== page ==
Omicron Variant Surpasses Delta COVID-19 Variant In Numbers Of COVID Cases

But a Md. Health Official says vaccines are effective against this new variant.

Dr,  Jinlene Chan

Annapolis, Md (KM) The Omincron variant of the COVID-19 virus has surpassed in numbers of cases the current Delta variant that  has been circulating since earlier this year. Dr. Jinlene Chan, Deputy Secretary for Public Health Services for the Maryland Department of Health, notes that the US Centers of Disease Control and Prevention has estimated that the Omicron variant now accounts for 73% of the COVID cases in the country. “In this region, which includes Maryland and Washington DC, the CDC estimates that 75% are the Omicron variant,” she says.

Like all viruses, Dr. Chan says the COVID-19 virus has mutated since it was first detected. “Most of the mutilations have not changed the way that the virus behaves,”; she says. “But more recently, just this past year, we have seen changes that make the virus spread more easily from person to person, including with the Alpha variant this past spring, the Delta variant this summer and fall, and the omicron variant.”

And this new variant is spreading more quickly. “What we know of the Omircron variant so far is that it can be spread even more easily than the Delta variant as shown by how quickly it has increased in both the United States and here in Maryland over just the past two weeks,” she said. The Omincron variant was first detected in Maryland on December 3rd, 2021.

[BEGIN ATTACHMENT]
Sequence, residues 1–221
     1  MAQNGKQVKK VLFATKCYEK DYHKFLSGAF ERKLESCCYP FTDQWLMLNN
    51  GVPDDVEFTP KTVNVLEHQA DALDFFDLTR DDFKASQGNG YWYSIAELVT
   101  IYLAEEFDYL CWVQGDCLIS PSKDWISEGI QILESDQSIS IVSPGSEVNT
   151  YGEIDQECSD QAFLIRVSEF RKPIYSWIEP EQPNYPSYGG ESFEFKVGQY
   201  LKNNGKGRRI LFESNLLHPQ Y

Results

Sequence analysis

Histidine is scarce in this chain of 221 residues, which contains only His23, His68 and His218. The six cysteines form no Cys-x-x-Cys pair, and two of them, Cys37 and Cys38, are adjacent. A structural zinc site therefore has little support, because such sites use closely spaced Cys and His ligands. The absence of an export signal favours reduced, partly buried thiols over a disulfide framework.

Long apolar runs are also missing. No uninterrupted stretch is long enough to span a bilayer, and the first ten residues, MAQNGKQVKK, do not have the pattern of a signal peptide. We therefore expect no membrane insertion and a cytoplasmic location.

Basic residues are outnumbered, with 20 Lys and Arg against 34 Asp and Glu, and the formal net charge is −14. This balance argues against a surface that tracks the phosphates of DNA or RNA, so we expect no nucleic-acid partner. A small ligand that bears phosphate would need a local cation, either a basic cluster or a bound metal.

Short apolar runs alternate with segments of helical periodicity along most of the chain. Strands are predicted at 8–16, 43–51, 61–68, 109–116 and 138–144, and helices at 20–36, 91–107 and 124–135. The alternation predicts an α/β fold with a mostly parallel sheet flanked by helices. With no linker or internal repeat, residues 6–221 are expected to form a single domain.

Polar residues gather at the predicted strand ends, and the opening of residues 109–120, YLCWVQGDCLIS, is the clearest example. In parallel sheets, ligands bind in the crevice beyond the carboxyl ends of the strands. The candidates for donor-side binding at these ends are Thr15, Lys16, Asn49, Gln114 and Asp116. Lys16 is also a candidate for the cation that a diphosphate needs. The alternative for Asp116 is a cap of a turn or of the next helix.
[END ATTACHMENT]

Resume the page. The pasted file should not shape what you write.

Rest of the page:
The public health agency in Britain says preliminary data suggests patients who contract the Omincron variant are 50% to 70% less likely to need hospitalization than with the Delta strain. The UK Health Security Agency says its findings indicate  that despite its rapid spread,  the Omicron variant produces a milder form of the illness compared to other variants.   But it better evades vaccines.   The agency says this analysis right now  is only “preliminary and uncertain.”

However, Dr. Chan says it’s still important for everyone who can to be vaccinated against COVID. “In terms of vaccine efficacy–while we do continue to learn more about this new variant and its impact on vaccines and other treatments–these vaccines, especially with a booster dose, appear  to be effective in preventing severe illness and hospitalization, which is our primary goal,” she says.

By Kevin McManus